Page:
A minimum of six comparable entities are required for application of the range concept. In cases where the number of comparables in a data set is less than six, the arithmetic mean would continue to be considered as the ALP. Where the arithmetic mean is considered as the ALP, the benefit of a tolerance range continues to be available. 4

Use of Multiple Year Data

Originally, the TP Regulations did not provide for using data of years other than the year in which transactions were undertaken (except in certain specific cases). The CBDT has amended the Rules and now permitted use of ‘multiple year data’ while performing a benchmarking analysis. If certain conditions are satisfied, the taxpayer shall be permitted to use comparable data of 2 years preceding the relevant fiscal year along with that of the relevant fiscal “current” year.

Prevention of tax Avoidance

Although Tax avoidance is not unlawful, tax evasion certainly is. Section 93 of the Income Tax Act provides for various methods to prevent avoidance of tax legally, which would otherwise be levible on an taxpayer. Some of the critical provisions are:

  1. Income in the hand of the non-resident if enjoyed by the resident on account of any transfer of assets, the income is deemed to have been earned by the resident
  2. Income originating due to transfer of asset to the non-resident, if results in the receipt of a capital sum by the resident, the income is deemed to be of the resident company itself.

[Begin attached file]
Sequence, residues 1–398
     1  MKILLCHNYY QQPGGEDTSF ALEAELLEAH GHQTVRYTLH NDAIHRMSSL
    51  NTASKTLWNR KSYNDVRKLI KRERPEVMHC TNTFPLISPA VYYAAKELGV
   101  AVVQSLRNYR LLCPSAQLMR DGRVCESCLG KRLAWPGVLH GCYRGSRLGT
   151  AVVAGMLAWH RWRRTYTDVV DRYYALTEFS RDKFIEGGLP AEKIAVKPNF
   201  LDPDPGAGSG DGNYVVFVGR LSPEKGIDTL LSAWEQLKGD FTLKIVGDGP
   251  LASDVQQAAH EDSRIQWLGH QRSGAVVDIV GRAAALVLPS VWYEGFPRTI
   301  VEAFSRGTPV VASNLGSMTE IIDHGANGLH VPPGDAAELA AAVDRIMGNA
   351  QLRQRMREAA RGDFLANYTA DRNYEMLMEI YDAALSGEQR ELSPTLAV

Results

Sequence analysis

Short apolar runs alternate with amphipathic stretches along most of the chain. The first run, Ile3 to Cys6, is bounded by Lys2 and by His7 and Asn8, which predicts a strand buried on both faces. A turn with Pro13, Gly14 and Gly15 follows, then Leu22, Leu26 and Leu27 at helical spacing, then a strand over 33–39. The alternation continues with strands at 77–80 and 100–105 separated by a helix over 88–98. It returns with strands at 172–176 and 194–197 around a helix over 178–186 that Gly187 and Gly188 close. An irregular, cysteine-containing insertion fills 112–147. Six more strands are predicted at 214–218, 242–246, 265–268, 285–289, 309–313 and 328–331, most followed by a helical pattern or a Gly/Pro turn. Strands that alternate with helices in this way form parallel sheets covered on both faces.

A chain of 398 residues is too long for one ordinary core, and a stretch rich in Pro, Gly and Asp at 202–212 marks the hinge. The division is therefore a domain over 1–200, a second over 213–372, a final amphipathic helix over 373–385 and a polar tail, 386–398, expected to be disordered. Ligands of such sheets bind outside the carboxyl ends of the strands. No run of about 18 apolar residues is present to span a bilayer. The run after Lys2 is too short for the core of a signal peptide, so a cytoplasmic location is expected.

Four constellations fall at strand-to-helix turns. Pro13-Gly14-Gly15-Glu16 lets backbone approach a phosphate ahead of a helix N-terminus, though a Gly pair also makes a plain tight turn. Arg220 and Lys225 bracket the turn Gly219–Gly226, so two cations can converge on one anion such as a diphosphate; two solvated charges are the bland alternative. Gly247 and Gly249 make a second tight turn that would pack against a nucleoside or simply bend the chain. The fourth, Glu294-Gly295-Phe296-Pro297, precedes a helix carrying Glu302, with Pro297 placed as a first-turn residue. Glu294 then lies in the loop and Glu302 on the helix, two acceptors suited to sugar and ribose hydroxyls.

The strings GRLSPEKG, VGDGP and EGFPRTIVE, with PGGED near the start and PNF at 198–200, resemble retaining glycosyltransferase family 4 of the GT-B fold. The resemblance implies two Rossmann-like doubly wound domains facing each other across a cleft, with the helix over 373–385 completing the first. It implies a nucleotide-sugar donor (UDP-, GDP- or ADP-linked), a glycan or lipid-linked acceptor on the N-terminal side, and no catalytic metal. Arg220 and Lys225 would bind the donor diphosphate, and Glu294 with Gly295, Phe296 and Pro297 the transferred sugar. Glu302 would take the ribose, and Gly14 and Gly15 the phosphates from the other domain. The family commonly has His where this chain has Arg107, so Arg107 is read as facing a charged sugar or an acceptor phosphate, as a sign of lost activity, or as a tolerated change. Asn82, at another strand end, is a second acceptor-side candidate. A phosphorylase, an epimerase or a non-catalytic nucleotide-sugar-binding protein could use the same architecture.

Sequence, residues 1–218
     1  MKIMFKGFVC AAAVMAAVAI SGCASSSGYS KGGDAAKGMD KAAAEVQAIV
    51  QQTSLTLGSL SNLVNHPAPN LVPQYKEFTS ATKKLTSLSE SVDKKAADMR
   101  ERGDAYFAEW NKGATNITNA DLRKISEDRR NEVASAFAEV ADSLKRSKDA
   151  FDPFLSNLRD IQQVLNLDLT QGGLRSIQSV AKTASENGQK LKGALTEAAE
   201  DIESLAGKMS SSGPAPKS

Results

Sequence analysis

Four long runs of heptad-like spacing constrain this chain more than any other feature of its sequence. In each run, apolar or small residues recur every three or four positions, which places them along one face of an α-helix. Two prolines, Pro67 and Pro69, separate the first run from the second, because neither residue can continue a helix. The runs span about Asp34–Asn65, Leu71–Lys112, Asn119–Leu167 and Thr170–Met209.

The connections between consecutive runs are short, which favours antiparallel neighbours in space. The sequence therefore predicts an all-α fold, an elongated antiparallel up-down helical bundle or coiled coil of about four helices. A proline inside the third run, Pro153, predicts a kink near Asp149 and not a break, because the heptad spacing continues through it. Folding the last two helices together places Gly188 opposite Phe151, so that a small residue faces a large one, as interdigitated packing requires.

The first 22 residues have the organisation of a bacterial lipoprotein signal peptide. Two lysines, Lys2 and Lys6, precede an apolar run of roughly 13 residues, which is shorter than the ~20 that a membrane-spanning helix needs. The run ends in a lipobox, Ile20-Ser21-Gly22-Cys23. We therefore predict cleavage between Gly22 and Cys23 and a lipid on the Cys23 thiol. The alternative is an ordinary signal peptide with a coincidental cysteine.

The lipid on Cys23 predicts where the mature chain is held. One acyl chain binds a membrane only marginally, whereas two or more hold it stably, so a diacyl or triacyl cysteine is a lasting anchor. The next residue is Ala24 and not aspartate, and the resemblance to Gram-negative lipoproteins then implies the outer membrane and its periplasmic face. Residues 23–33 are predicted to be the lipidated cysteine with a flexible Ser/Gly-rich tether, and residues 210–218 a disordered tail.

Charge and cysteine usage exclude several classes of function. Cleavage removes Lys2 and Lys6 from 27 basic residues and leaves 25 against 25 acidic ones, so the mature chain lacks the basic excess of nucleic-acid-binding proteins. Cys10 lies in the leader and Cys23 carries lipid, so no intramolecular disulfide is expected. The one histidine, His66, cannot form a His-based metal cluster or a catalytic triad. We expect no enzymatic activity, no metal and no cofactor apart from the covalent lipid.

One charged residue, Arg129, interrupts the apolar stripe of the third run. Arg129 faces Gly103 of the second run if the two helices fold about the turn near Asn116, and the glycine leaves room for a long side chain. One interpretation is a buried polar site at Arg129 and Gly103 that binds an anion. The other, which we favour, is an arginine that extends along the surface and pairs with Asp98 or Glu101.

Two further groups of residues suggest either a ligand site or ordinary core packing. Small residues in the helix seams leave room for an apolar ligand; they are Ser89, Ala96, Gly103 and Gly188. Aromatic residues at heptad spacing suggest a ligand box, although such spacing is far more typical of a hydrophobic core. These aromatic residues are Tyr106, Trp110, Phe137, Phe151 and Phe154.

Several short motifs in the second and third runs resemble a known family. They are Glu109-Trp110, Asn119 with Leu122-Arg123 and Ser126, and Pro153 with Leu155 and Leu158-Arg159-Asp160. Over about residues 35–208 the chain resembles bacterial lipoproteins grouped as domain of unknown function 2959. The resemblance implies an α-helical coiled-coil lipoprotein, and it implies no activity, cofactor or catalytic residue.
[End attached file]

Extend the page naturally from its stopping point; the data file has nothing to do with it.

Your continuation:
Assuming that tax is levied on such deemed income in a year, the concern shall not be charged again on that income when it is subsequently realized. Section 93 shall not apply I the resident shows to the satisfaction of the assessing officer that:

  1. The avoidance of tax was not the purpose of the transaction
  2. The transfer was a bonafide commercial transaction

Reporting needs

Taxpayers in India by law have an obligation to report compliance to the requirements under the act of entering into any international or specified domestic transaction. This is done by obtaining a certificate from an accountant that needs to be furnished before the due date of filing of income tax return.

The accountant is required to certify on two key points:

  1. The ALP computed by the tax payer is correct and in line with the regulations; and
  2. Appropriate documentation has been maintained by the tax payer, as per the regulatory requirements

This is reported along with specific details of the international / specified domestic transaction, how ALP has been determined, the value of the transaction etc. 4

Three tiered Documentation

Documentation is known to be one of the foremost requirements. The OECD has come up with a recommendation under Base Erosion and profit shifting (BEPS) action plan, which prescribes a three-tiered approach to maintenance of documentation. This requires the taxpayer to maintain: